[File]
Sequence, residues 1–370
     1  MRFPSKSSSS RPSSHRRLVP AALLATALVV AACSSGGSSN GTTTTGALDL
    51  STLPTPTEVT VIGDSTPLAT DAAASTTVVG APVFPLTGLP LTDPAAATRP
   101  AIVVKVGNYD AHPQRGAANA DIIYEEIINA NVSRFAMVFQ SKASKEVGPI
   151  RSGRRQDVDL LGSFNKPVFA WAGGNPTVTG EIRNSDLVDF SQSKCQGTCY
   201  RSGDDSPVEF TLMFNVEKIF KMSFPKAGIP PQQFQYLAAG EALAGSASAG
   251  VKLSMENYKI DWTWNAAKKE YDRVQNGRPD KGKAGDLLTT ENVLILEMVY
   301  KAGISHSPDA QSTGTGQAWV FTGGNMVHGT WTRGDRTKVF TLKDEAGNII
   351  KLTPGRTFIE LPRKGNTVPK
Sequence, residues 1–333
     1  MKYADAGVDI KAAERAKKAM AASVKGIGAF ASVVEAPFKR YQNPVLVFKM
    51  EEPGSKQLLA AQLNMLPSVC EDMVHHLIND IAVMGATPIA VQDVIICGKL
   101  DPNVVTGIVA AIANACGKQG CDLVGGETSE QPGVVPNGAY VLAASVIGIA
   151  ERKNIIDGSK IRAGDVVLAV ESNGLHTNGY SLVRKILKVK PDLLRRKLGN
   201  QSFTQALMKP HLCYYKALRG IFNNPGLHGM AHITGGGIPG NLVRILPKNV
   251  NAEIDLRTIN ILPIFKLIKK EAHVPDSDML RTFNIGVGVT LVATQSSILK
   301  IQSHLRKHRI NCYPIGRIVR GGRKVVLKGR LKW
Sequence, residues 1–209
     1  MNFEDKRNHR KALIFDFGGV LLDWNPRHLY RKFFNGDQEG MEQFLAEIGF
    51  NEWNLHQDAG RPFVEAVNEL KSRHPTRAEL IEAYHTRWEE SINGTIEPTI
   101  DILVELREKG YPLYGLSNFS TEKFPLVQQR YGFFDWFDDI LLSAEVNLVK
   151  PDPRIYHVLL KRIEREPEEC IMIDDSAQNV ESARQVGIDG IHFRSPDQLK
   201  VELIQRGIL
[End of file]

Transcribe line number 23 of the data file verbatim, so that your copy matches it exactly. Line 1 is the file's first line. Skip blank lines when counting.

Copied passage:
   201  VELIQRGIL